On the business side, first up was Doug Rozen, senior vice president for Global Lead — Creative, Interactive, Media & Mobile at Carlson Marketing Worldwide. Doug presented the findings of the company’s recent study that analyzed the demographics and psychographics of mobile users and placed them within eight categories.

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Mobile Usage Personas are the eight slots people are placed within by Carlson Marketing based on their demographic and psychographic data.

Though not mutually exclusive (meaning people can be in more than one at a time), this sort of analysis guides business strategists, marketers and developers toward a more pragmatic view of the potential of any market segment. While seasoned businesspeople know that they need data before making decisions on markets and making subsequent investments in them, for any of us who are highly technical, early adopters, it was sobering to realize that most of us in the room were in the “mavericks” category, which makes up only 5 percent of the market!

Then there was a media panel of three leaders in leveraging mobile media for their respective traditional media companies: John Daenzer, director of new media for WCCO-TV and WCCO.com; Terry Sauer, the assistant managing editor for digital at the Star Tribune; and Gregg Swedberg, operations manager for Clear Channel in the Twin Cities. Their collective conversation was about the status of their mobile efforts, what they saw happening with mobile technologies and subsequent opportunities, and so on.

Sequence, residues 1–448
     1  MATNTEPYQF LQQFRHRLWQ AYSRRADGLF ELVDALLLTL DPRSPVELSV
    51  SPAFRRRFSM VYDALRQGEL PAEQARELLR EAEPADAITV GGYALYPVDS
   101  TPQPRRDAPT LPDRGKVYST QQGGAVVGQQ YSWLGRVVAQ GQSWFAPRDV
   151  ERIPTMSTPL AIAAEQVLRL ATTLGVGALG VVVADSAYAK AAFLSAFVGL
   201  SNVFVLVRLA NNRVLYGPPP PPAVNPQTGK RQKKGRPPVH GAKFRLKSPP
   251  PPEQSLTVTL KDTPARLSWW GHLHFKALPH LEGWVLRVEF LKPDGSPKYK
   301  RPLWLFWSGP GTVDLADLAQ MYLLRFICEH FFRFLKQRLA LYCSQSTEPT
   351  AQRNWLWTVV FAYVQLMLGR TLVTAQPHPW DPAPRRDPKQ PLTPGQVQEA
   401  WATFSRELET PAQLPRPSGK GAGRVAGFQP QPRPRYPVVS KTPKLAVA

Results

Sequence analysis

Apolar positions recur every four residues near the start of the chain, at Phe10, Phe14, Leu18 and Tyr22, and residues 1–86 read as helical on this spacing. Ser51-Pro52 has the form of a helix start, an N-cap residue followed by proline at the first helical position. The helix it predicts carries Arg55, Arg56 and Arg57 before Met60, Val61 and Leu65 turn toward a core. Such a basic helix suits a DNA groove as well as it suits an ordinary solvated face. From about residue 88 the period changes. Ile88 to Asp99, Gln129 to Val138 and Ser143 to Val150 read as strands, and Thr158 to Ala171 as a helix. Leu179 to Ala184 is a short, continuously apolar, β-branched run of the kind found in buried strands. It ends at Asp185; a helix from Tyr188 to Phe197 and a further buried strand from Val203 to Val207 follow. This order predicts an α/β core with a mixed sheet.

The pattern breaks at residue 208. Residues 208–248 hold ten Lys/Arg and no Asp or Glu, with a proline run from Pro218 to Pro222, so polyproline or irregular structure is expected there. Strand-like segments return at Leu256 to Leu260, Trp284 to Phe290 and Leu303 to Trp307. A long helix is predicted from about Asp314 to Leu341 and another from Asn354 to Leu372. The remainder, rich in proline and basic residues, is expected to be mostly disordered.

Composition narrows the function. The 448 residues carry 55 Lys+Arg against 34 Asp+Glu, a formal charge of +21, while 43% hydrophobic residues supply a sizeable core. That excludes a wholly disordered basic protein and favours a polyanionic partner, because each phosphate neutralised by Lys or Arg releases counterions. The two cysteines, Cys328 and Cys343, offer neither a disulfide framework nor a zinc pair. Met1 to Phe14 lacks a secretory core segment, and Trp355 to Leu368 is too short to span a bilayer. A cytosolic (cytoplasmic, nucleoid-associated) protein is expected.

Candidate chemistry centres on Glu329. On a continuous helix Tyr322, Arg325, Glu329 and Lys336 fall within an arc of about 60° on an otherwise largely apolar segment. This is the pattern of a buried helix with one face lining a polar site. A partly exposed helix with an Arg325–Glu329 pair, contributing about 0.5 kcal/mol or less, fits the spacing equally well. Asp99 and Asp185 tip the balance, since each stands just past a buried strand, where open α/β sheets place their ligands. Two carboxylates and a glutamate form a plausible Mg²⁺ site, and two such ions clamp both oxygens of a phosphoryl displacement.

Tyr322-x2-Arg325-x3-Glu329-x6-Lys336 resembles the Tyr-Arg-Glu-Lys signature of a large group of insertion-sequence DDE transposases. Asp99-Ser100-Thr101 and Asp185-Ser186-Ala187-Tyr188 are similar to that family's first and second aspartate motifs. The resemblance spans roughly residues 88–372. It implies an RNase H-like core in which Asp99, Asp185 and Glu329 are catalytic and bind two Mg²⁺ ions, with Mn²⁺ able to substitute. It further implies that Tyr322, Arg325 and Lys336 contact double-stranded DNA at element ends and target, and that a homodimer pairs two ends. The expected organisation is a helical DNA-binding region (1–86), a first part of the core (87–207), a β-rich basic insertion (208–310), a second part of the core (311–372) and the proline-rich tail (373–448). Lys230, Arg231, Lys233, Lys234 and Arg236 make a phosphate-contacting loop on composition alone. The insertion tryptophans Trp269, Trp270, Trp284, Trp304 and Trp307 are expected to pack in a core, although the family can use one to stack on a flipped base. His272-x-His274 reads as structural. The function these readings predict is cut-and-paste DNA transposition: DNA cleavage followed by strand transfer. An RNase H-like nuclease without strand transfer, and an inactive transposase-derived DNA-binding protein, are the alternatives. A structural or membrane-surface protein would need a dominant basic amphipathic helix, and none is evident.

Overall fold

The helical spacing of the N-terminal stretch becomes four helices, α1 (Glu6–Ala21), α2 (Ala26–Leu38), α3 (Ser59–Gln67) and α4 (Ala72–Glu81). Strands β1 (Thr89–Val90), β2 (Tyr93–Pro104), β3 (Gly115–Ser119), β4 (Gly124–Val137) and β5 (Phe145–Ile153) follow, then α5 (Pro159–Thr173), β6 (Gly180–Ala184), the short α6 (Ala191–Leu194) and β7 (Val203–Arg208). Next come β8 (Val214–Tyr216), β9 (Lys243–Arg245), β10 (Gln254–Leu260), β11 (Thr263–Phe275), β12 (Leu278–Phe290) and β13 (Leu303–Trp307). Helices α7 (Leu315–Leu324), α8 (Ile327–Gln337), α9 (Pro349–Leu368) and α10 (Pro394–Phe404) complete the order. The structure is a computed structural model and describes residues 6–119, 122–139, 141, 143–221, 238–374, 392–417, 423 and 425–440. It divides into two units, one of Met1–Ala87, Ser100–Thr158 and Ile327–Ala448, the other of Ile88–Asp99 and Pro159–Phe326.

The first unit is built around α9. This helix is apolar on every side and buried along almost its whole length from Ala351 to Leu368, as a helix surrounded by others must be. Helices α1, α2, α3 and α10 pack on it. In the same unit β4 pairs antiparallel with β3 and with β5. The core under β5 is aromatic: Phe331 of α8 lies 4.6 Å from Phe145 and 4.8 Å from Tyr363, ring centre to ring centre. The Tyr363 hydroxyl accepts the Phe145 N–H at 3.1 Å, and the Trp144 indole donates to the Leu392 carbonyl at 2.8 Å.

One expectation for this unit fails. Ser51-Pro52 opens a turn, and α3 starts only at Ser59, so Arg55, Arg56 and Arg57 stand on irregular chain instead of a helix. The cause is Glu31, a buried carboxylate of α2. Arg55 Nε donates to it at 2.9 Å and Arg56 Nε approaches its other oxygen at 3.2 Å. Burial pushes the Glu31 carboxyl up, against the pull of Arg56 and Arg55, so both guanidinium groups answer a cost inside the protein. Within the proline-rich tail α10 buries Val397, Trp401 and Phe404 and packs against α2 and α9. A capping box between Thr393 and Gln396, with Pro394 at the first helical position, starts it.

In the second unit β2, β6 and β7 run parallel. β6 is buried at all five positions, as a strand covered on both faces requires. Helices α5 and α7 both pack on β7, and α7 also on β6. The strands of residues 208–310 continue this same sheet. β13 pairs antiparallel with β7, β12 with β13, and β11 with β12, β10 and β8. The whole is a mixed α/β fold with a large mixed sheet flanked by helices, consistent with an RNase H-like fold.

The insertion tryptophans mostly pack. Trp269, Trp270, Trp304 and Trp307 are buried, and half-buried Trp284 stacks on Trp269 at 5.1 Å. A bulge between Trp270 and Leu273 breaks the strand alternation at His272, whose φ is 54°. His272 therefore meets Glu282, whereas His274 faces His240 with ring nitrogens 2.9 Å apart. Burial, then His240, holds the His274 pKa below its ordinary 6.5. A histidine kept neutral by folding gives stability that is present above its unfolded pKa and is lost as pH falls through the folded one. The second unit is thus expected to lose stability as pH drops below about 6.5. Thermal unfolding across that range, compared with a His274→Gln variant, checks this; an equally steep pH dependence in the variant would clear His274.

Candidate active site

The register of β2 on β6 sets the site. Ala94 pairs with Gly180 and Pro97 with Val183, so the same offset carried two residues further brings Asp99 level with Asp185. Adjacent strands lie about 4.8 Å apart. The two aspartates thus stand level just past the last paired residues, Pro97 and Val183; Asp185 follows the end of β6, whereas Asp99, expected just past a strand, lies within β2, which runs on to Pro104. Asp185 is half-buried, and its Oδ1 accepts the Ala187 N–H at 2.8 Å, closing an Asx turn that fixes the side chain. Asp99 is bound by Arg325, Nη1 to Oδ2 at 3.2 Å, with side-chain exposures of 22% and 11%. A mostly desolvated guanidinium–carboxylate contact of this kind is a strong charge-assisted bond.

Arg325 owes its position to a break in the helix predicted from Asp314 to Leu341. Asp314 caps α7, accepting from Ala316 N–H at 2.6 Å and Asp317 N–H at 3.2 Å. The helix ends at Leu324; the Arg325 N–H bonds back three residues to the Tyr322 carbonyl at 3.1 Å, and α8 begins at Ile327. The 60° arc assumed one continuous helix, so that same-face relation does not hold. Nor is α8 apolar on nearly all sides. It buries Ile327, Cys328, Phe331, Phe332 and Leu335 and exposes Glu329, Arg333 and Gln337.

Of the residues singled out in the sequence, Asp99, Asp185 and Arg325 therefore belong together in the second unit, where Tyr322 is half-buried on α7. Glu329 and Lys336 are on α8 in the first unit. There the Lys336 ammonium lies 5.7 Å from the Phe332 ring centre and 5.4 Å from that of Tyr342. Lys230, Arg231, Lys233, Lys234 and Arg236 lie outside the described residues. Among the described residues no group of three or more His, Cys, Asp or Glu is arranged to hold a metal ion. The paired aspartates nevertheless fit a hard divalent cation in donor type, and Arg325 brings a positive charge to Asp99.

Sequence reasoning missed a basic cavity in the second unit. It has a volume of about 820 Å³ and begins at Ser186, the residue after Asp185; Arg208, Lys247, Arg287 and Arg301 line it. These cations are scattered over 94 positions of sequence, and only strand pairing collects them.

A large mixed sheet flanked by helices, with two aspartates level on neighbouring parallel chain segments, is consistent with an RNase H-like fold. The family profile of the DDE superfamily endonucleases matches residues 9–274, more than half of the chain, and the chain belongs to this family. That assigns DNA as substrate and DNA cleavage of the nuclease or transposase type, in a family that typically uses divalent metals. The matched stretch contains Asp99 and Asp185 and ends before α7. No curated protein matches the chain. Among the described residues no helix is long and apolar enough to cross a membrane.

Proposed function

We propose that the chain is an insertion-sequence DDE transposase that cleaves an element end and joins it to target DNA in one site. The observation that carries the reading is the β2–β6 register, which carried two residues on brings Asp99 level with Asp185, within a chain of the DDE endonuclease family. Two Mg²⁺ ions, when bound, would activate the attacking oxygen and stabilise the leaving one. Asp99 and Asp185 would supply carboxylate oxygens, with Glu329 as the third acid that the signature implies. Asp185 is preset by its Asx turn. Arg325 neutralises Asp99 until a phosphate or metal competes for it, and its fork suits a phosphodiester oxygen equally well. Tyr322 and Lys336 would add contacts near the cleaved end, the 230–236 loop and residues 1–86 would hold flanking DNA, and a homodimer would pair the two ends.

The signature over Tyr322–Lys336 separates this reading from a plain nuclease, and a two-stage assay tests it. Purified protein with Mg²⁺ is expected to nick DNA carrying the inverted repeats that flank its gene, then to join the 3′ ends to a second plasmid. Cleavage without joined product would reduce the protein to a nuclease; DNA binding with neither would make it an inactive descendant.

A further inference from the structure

What was missing from the panel seemed to surround connecting with the community. Gregg and Terry seem relatively invisible to the movers and shakers in social media and technology circles in the Twin Cities, while WCCO has completely embraced and connected to the community with technology. It’s my (and others with whom I’ve talked) opinion that the community engagement will be the deciding factor on whether or not traditional media can deliver to new media enthusiasts.

Left to right: Gregg Swedberg, Clear Channel; Terry Sauer, StarTribune; John Daenzer, WCCO